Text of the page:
Highway lessons for the city
Innovations such as Telepass have reduced delays and improved circulation, saving billions, on highways around Italy and Europe. The time has come to leverage the lessons learned and take them downtown to alleviate traffic jams, parking and the growing volume of delivery services.
Since 1990, Telepass has built its success around a business model based on “convenience” for both hauliers and motorway operators. The concept is based on an interconnected network that enables the users of Electronic Tolling to have just one service provider regardless of the number of operators used during a certain period of time. This ensures that they can very efficiently manage their toll expenses, which represent one of the most significant costs for transport companies.
For operators, the Telepass payment system offers lower merchant fees thanks to the fact that our electronic payment scheme is one of the most efficient in the world. The high level of efficiency could be linked to the adoption of the so-called three-party model (customer – payment system – operator), as opposed to the better known four-party model (customer – issuer – acquirer – operator) used in plastic-based payments. In addition to this, Telepass processes transactions internally, thus avoiding the outsourcing costs incurred by the traditional players.
Finally, Electronic Tolling also generates a number of positive externalities, linked to the reduction in carbon emissions. Just think of the amount of energy needed to get a truck weighing 3.5 tonnes up to 50kmh after it has been stood still waiting to pay a toll by credit card or cash.
As today, the combination of these elements has made tolling the only truly cashless form of payment, with 65% of transactions carried out electronically, rising to 90% in the HGV segment. A As example, take into consideration that, on average, electronic payments account for 20% of transactions in Italy.
Cities, above all the new smart cities, can leverage from this experience, not only in terms of cutting costs and pollution, but also in terms of the potential for enabling a new idea of sustainable mobility, based on the MaaS or “Mobility as a Service” concept.
Since 2016, Helsinki residents have been able to use an app called Whim to plan and pay for all modes of public and private transportation within the city. This offers real potential to upscale connections that are already connected: cars, streets, speedway, taxis, public transportation, ride sharing systems or Uber.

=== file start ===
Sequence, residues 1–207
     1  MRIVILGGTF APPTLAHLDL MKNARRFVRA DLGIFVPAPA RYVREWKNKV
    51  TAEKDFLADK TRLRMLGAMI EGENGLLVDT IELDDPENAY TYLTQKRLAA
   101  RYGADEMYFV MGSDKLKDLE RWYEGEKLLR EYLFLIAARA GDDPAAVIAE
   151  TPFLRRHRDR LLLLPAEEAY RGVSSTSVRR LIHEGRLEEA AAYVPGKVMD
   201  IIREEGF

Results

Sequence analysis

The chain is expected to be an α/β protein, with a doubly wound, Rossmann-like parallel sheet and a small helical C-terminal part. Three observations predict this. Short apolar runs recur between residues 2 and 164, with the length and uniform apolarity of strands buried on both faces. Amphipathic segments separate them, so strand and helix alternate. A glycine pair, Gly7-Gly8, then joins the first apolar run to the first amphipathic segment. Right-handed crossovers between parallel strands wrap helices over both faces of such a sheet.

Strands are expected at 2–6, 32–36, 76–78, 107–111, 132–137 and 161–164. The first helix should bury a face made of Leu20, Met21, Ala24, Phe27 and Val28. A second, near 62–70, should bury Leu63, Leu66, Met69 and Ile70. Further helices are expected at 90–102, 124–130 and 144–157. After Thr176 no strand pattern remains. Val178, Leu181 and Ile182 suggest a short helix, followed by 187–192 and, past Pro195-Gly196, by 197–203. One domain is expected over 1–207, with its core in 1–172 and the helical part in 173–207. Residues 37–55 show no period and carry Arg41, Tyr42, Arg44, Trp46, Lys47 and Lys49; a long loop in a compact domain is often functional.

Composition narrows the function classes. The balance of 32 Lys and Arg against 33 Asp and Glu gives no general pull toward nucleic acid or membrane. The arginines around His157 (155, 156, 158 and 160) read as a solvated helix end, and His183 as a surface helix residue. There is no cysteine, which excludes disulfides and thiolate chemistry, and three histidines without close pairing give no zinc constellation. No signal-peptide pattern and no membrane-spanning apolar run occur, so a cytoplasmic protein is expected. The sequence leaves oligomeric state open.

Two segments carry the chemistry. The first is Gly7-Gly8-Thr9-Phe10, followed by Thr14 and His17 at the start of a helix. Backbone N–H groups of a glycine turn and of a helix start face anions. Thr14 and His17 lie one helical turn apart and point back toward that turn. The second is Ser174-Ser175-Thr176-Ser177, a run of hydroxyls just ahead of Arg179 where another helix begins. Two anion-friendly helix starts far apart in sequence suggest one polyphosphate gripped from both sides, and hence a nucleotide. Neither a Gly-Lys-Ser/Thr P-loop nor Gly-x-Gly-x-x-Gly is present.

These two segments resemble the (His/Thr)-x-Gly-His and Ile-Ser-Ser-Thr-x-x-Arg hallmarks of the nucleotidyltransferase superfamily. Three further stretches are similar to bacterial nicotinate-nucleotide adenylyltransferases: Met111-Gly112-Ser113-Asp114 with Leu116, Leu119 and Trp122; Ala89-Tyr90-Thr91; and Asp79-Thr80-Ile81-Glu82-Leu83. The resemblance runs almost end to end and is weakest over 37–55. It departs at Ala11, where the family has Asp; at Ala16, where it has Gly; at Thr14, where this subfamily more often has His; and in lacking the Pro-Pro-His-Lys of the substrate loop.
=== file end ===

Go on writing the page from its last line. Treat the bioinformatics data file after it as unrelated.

The exponential evolution of information technology and cultural trends aims to break down the boundaries between means of transportation or between ownership and usership. In fact, the digital world, in which the language of data is spoken, puts resources and users in touch with each other. The MaaS model doesn’t itself focus on building new vehicles or operating transportation systems; it simply combines all existing services in the best possible way.
Anyone with the app can enter a destination, select his or her preferred mode of transport or, in cases where no single mode covers the whole journey from door to door, a combination of modes and go.
All smart cities will, soon or later, have to raise their sights. The goal is to make it so convenient for users to get around that they opt to give up their personal vehicles for travelling about the city. Not because they’re forced to, but because the alternative is more appealing.
Something similar happened to streaming services, such as Netflix. They have fundamentally changed the way people search for, consume, and pay for media. Transportation now stands at a similar frontier.
Rather than having to locate, book, and pay for each mode of transportation separately, MaaS platforms allow users to plan and book door-to-door trips using a single app. By answering the question of how best to get individual users where they want to go, based on real-time conditions throughout the network, taking account of all the possible options and each user’s own preferences (for example, time and convenience versus cost), and facilitating seamless mobile payment, MaaS starts to move us towards a more user-centered concept of mobility.
To make all this a reality in Italy too, Telepass has a key role to play in adopting true Urban Mobility. Based on the example provided by motorway operators, it is necessary to interconnect all the various forms of transport through an efficient form of payment capable of creating an entirely new customer experience. Just think what it would be like to be able to use any service without having an endless number of different accounts, linked to as many payment instruments, all multiplied by the number of cities we have to travel around each week.
There will be numerous advantages for public authorities, ranging from reductions in road congestion to more efficient use of parking spaces, from cuts in fine particles to the improved ability to set tolls based on the effective use of each different form of transport and the pollution caused.
There is still much to do before we can implement real MaaS in Italy, in terms of both encouraging public authorities to adopt shared communication standards and convincing the private entities that already operate in the sector to view users not just as customers to be provided with a single service, but as citizens who need to be able to access all the services offered by a fully smart city throughout an urban area. Limiting access to other services, or making it difficult to access them, is not the way to beat the competition.
The challenge has been set and all operators are devising their strategies. As citizens and as operators in this sector, we can’t wait to see which model will prove to be the winner.